Mr Kohberger’s DNA was found on the sheath which features the “Ka-Bar” “USMC” and the United States Marine Corps eagle globe and anchor insignia stamped on the outside of it,” the documents state.
“The Idaho state lab later located a single source of male DNA (suspect Profile) left on the button snap of the knife sheath.”
Investigators were able to trace the DNA evidence to Mr Kohberger by matching it to DNA found on trash recovered from his family home in Albrightsville, Pennsylvania.
The knife itself has still yet to be found.
Car and cell data pointed to Kohberger
Kohberger was also linked to the murders through his white Hyundai Elantra and through cellphone data.
His vehicle had been captured on surveillance footage driving from his home in Pullman, Washington state, to the King Road home around the time of the murders – and then back again, the documents state.
Investigators believe that Mr Kohberger turned his cellphone off on the night of the murders in order to try to avoid detection.
However, cellphone data places him close to the home on King Road at around 9am on 13 November – suggesting that he returned to the scene of the crime just hours after allegedly murdering the four victims at around 4am.
Prior to the 13 November massacre, investigators also believe that he stalked the victims’ home at least 12 times.
Bryan Kohberger is pictured in court on 5 January
Cellphone records show that his phone pinged in the area of the King Road home on at least twelve occasions prior to the time of the murders. The exact dates of these instances were not revealed in the documents but all bar one were in the late evening or early morning hours.
One incident was identified on 21 August, when the suspect was stopped by police just minutes from the home where he allegedly knifed the four students to death three months later.
A citation from Latah County Sheriff’s Office, obtained by The Independent earlier this week, reveals that the traffic stop took place at around 11.40pm at the intersection of West Pullman Road and Farm Road in Moscow. The record shows he was stopped for failing to wear his seatbelt – just 1.7 miles and a five-minute drive from the home on King Road where the victims were murdered.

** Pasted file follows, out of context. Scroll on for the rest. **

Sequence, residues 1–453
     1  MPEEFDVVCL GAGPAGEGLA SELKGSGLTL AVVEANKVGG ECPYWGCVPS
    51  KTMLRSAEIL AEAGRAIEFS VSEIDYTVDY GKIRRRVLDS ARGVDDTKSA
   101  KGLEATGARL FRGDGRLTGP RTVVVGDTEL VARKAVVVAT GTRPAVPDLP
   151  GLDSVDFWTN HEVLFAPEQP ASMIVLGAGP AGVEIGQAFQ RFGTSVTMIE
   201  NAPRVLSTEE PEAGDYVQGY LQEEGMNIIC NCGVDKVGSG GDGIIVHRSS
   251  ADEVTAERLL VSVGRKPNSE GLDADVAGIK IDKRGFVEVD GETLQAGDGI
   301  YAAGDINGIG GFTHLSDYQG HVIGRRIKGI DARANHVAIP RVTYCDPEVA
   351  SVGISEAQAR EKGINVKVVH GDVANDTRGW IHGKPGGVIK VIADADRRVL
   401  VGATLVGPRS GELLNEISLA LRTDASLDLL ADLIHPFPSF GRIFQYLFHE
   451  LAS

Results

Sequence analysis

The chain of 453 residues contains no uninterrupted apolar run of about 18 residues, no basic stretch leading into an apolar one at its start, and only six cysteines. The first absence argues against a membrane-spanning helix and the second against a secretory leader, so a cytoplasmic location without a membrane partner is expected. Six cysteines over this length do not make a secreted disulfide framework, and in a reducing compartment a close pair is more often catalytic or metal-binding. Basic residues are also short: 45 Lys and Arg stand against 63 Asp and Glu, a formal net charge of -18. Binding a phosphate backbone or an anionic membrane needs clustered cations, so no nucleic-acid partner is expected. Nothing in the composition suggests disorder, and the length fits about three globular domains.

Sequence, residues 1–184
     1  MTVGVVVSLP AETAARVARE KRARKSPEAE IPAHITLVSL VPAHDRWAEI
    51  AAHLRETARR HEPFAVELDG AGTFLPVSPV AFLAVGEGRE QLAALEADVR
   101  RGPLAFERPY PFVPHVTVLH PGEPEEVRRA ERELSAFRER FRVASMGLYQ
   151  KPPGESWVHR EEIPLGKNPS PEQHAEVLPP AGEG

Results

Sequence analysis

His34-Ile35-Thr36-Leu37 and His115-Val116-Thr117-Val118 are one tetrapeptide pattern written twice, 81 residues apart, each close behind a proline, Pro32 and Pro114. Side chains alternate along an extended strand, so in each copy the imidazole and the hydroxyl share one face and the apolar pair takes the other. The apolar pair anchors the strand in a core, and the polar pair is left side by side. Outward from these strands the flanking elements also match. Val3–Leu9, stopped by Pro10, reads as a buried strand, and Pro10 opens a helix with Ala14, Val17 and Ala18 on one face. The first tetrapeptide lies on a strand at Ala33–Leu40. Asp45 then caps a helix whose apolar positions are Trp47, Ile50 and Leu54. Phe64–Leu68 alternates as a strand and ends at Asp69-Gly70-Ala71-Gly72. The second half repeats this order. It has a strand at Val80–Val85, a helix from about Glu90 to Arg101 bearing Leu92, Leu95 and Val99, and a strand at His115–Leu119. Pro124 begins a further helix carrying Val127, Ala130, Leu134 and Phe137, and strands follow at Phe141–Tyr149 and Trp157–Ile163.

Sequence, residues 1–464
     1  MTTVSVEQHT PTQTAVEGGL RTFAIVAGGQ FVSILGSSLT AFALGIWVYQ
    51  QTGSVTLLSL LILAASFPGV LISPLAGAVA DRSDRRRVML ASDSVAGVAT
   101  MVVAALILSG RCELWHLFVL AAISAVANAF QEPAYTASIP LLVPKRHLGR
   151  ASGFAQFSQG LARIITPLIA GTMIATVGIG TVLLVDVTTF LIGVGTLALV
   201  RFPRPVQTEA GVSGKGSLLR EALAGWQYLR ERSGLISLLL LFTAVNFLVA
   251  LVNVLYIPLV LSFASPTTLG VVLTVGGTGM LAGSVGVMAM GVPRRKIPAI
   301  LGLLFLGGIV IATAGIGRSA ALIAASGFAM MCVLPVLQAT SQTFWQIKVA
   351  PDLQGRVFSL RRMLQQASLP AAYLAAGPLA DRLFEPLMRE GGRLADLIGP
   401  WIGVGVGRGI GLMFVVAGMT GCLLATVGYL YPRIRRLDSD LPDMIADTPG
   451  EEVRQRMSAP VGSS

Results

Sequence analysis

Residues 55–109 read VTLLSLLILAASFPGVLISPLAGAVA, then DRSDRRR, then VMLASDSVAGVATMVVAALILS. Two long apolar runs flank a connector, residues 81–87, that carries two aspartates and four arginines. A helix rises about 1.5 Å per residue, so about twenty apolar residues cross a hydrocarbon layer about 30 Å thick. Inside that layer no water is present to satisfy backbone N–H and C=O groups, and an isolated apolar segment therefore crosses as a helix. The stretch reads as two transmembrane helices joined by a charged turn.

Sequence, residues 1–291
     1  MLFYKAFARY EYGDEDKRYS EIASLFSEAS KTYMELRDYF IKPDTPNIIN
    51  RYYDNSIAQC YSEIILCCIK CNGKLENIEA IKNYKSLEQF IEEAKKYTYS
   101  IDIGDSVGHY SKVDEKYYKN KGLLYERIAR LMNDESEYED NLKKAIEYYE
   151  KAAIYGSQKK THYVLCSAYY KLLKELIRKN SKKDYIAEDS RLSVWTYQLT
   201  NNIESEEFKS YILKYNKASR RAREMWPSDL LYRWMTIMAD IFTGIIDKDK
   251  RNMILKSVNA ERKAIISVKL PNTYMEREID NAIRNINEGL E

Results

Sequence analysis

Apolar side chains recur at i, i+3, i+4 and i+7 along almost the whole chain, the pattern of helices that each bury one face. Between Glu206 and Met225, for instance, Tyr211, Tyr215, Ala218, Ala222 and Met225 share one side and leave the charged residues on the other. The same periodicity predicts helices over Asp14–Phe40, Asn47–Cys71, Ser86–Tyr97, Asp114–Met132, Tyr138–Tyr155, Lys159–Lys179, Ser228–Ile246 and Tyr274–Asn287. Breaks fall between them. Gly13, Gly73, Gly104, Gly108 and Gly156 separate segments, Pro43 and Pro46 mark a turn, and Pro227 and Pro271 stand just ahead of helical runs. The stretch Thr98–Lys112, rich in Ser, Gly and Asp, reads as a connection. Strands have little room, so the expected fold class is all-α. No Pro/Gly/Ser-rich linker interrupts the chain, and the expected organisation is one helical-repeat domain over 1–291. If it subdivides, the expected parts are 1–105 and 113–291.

Kohberger was interested in a law enforcement career
According to the affidavit, Kohberger applied for an internship in fall 2022 with the Pullman Police Department.
“Kohberger wrote in his essay he had interest in assisting rural law enforcement agencies with how to better collect and analyze technological data in public safety operations,” the affidavit states.
“Kohberger also posted a Reddit survey which can be found by an open-source internet search. The survey asked for participants to provide information to ‘understand how emotions and psychological traits influence decision making when committing a crime.’”
Prior to his WSU studies, Kohberger had obtained a masters in criminal justice from DeSales University in his native Pennsylvania. He had also worked as a part-time security officer in Pleasant Valley School District, which had also employed his mother and father.
Pullman Police Department on Thursday did not immediately return a request from The Independent about whether Kohberger was actually granted the internship. An Idaho judge has issued a gag order in the case barring law enforcement from commenting on most matters relating to the murders.
Idaho murders suspect Bryan Kohberger appears in court for the first time
Goncalves’ dog was in her room
In an eerie revelation it has emerged that Goncalves’ pet dog, Murphy, was found unharmed in Goncalves’ bedroom, which is also on the third floor, the officer wrote.
Around the time that the roommate witnessed the suspect, a security camera near the home picked up the sound of a whimper followed by a loud thud. A dog was also heard barking numerous times starting at 4.17am, the documents state.
Much speculation had centred on the whereabouts of Murphy, a pet Goncalves shared with her ex-boyfriend, and the dog’s behaviour in the hours surrounding the crime.